Ecliptical Obliquity


Lunar crater Albategnius
By Dale Holt 

I awoke not particularly early at around 6am on Saturday December 1st, well it is
the weekend! I noted a fine gibbous Moon high in the South West from the bedroom
window. Hmm I haven’t made a Lunar sketch for a while, so out I went to the
observatory with my brew of tea and spent a while scanning the terminator for a
likely subject.
  I picked out Albategnius. This is an ancient lunar impact crater 129km wide and
4.4km deep located in the central highlands. It is named after the Arabic Prince
and astronomer  Al-Battani. The level interior forms a “walled plain”, surrounded
by the high, terraced rim. The outer wall is somewhat hexagon-shaped, and has been
heavily eroded with impacts, valleys and landslips. It attains a height above
4,000 meters along the northeast face. The rim is broken in the southwest by the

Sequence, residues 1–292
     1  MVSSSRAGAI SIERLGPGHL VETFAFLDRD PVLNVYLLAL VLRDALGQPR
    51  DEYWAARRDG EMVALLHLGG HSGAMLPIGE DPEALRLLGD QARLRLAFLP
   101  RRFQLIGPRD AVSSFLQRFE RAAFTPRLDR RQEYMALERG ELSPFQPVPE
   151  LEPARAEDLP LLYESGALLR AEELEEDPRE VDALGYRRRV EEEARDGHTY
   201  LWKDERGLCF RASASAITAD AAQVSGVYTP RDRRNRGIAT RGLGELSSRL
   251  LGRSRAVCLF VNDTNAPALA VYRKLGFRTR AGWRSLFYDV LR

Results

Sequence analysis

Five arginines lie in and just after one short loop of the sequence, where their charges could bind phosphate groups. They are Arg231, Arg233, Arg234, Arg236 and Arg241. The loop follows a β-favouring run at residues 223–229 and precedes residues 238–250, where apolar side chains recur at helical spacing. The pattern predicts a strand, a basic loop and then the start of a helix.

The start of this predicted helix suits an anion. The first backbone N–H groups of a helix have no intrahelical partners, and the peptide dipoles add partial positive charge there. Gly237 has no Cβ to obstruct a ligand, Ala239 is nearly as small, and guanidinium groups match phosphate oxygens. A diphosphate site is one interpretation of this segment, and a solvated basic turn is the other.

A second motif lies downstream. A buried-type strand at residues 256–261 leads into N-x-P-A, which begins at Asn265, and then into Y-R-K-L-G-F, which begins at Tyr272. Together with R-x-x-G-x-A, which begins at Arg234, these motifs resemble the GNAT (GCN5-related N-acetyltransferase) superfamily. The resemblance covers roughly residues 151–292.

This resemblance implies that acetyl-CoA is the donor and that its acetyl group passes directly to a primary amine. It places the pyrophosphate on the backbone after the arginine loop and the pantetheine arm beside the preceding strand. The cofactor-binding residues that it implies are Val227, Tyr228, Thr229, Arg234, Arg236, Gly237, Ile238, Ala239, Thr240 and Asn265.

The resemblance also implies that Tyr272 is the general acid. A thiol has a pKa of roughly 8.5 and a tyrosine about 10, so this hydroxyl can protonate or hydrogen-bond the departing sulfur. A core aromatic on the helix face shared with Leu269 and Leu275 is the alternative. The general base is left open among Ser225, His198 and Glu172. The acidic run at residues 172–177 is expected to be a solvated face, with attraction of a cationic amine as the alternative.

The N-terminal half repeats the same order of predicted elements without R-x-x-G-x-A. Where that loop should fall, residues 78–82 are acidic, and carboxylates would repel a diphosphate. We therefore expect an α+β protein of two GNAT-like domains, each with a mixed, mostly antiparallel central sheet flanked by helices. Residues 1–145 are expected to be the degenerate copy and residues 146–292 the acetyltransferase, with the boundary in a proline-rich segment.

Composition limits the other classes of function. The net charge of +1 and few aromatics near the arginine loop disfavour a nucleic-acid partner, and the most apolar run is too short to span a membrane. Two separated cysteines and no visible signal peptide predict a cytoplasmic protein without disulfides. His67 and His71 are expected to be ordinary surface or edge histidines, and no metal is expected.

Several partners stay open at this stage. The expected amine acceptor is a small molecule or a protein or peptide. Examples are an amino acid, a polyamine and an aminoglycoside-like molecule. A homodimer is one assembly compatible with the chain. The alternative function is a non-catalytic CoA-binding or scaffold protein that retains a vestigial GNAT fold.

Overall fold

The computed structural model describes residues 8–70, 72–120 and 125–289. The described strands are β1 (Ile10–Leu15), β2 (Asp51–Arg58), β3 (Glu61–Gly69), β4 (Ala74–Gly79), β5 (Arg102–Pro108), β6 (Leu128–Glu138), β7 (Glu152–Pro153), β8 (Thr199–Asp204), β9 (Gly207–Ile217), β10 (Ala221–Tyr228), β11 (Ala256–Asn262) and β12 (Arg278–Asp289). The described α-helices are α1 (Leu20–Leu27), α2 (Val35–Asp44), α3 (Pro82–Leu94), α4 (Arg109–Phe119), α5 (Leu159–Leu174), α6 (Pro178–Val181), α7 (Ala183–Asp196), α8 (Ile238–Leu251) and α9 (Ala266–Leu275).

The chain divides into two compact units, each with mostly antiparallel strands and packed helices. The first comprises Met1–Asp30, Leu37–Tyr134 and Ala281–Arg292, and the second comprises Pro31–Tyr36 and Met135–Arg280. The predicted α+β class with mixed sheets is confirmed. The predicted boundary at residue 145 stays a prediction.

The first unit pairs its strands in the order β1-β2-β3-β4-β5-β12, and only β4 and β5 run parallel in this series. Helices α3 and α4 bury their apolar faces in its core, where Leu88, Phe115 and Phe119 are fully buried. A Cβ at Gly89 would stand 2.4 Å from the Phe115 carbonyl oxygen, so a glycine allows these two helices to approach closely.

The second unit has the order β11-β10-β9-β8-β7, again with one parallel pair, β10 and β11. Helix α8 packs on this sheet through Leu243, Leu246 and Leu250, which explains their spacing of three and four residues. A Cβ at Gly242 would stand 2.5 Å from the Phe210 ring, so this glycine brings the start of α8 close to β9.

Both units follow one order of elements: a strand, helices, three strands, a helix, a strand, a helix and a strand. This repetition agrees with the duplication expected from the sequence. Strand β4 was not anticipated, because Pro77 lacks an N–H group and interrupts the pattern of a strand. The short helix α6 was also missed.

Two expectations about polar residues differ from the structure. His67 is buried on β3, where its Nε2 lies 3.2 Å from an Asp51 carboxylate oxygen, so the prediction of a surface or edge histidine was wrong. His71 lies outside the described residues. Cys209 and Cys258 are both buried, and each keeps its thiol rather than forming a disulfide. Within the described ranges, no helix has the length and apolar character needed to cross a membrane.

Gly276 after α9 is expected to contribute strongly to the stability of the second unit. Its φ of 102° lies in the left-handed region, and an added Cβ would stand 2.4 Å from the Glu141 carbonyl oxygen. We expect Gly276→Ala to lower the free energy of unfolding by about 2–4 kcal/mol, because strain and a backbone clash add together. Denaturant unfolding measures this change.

smaller crater Klein 44km wide and 1.5km deep.

  The third prominent crater featured in my drawing is Halley to the North East of
Albategnius spanning 36km at a depth of 2.5km.
  Telescope 14” F5 Newtonian reflector
  Denk binoviewer with 2.5x nosepiece
  x2 Celestron Axiom 23mm eyepieces giving 193x
  Drawing on Black A5 Daler Rowney artist paper using Derwent pastel and water
colour pencils, conte sticks, black ink and blending stumps.

2 thoughts on “Ecliptical Obliquity”

  1. Dale,

    This is a wonderful drawing of crater Albategnius. The drawing has perfect composition with shadow and light highlignts to give it depth and realism. Your selection of drawing materials is well thought out and works beautifully. Great sketching Dale!


  2. Dale,

    Nice drawing of an interesting subject. There is some evidence that Albategnius was the first lunar crater ever sketched–by Galileo in 1609. He got into a lot of trouble, too, by describing it as a walled plain “similiar to Bohemia”. The authorities didn’t like that. See ‘Sidereus Nuncius’ for details.

    Michael Rosolina

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